“Theresa Runstedtler traces Jack Johnson’s fabulous, furious, iconic life across five continents and through four paradigms (race, masculinity, imperialism, and popular culture), setting a formidably high bar in the emerging genre of transnational biography. Jack Johnson: Rebel Sojourner is a groundbreaking achievement.”—David Levering Lewis, author of When Harlem Was in Vogue

“This is a brilliantly researched and original study of the transnational career of the black American boxer Jack Johnson. In lucid and engaging prose, Theresa Runstedtler traces Johnson’s travels across multiple continents, showing how Johnson’s life serves as a cultural compass for the intersecting worlds of American, British, and French empire and ideas of race at the turn of the last century. This marvelous contribution to the burgeoning literature on the popular culture of imperialism and transnationalism will find a wide and appreciative audience among scholars of empire, American history, and African American studies.”¬—Kevin Gaines, author of American Africans in Ghana: Black Expatriates in the Civil Rights Era.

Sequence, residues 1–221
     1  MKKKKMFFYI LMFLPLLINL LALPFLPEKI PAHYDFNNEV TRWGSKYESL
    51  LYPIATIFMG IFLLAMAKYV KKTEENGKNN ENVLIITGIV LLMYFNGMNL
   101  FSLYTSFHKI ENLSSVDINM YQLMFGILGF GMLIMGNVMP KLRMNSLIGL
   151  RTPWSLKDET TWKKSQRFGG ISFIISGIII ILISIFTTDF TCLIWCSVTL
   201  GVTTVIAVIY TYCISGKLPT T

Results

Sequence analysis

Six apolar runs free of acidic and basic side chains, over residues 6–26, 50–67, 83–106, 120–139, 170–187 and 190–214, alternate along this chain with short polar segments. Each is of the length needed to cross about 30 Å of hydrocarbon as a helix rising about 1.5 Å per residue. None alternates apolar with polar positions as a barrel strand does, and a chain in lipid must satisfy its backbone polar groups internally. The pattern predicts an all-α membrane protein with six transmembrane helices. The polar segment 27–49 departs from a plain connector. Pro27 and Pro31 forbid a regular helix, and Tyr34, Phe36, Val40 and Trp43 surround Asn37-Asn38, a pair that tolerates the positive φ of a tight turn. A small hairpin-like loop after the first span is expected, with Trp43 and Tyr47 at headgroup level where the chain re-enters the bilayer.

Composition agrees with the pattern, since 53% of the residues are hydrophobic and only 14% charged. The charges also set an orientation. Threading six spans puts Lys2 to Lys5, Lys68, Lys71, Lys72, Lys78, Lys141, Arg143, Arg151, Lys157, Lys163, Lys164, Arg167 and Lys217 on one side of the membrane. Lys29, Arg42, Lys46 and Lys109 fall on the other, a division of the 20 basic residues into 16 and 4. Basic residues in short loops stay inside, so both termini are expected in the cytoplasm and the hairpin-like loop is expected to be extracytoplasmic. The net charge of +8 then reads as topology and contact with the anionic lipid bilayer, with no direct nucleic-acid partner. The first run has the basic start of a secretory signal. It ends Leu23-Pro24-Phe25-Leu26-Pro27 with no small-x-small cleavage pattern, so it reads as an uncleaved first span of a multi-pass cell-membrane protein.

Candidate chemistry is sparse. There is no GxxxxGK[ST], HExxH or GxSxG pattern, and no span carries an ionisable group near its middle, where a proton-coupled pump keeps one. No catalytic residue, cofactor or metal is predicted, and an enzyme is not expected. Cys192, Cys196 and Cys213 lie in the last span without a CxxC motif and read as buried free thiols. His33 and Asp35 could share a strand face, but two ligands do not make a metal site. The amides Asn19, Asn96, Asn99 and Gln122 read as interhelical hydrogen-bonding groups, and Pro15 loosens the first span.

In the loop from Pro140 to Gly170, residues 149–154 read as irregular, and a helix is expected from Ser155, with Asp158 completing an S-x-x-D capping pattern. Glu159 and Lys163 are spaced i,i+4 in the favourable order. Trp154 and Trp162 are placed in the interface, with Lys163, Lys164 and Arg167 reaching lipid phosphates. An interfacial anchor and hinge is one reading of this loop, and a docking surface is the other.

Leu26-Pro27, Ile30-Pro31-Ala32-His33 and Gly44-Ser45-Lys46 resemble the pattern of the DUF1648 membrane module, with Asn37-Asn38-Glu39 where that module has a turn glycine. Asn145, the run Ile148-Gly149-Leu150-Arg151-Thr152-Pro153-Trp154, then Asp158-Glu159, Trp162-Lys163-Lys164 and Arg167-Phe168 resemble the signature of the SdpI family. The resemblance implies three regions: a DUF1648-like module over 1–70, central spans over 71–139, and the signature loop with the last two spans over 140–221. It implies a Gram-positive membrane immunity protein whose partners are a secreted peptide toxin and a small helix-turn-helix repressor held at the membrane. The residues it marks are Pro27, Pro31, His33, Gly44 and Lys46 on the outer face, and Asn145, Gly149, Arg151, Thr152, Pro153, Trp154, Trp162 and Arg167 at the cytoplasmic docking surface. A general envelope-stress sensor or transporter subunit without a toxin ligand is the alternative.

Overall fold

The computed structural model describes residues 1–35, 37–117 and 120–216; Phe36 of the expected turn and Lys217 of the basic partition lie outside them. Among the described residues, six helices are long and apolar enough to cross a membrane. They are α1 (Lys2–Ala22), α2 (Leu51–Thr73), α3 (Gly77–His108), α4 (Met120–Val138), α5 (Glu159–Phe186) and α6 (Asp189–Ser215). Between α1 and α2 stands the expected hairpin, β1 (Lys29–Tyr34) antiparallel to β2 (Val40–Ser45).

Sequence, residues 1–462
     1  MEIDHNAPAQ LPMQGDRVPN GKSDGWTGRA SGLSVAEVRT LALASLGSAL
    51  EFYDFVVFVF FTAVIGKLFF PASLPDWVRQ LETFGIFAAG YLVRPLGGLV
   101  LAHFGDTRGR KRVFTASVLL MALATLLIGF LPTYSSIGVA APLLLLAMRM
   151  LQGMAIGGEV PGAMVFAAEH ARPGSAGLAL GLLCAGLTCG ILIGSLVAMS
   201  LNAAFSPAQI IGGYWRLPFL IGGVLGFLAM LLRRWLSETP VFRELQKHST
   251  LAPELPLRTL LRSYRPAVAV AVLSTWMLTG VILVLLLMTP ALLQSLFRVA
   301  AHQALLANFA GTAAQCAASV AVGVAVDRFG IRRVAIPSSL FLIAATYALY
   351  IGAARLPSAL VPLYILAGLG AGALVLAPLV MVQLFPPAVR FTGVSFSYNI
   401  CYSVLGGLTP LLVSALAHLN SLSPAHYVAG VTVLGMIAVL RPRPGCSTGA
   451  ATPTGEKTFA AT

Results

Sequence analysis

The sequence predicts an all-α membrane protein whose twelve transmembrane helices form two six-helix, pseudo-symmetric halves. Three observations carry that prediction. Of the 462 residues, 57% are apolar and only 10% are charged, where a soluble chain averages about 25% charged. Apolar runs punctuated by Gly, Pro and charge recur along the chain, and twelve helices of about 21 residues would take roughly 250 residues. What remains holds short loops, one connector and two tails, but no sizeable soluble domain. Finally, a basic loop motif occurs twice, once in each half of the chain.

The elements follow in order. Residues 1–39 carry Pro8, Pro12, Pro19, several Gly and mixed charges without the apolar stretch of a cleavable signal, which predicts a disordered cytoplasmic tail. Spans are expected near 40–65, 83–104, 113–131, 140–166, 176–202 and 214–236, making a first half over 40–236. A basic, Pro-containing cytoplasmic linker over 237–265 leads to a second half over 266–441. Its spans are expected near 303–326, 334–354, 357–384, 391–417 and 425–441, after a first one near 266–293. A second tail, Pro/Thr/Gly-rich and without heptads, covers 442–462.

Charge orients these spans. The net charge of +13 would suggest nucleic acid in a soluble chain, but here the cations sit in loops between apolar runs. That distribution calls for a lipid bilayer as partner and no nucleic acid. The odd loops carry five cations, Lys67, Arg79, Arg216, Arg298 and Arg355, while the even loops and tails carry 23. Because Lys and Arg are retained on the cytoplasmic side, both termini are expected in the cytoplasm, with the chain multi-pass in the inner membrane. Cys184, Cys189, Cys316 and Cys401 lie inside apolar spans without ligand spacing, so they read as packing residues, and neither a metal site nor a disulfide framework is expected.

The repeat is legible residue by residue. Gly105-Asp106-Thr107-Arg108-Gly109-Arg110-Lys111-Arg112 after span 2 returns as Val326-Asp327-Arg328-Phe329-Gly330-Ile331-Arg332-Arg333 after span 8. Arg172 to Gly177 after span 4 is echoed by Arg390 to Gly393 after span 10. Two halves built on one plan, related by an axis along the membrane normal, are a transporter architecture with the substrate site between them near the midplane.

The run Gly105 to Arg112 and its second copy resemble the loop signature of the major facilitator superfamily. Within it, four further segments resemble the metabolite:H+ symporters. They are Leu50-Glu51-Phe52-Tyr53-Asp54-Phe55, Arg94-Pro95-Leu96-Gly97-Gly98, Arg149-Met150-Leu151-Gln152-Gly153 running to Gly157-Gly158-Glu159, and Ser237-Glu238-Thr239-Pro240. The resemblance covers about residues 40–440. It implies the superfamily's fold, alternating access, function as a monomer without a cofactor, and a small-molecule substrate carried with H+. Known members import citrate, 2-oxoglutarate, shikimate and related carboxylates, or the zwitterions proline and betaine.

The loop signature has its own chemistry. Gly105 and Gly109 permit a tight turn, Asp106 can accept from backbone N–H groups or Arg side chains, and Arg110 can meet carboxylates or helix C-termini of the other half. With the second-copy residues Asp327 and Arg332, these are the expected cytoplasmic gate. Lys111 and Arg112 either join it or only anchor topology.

For more information on this exciting new publication click here.

To order a copy of the book online you can visit the University of California Press or order on Amazon.

(Information via University of California Press)

Timed Out: Art and the transnational Caribbean

Timed out: Art and the Transnational Caribbean (Rethinking Art’s Histories) is a new book (Manchester University Press, 2011) by Leon Wainwright.

‘Timed out’ is a pioneering study of modern and contemporary art in the aftermath of empire. It addresses the current ‘global turn’ in the study of art by way of the transnational Caribbean, offering an in-depth account of the Atlantic world in relation to the mainstream history of art. It looks at why art of the Anglophone Caribbean and its diaspora have been placed not only ‘outside’ but ‘behind’ the dominant art canons, and how the politics of space and time can be used to rethink the global geography of art.

‘Timed out’ will appeal to all those working in the field of modern and contemporary art and world art history, transnationalism and the geography of global visual culture. To read more click here…

Leon Wainwright is Lecturer in Art History at the Open University. Click here to find out more about the author and selected earlier publications.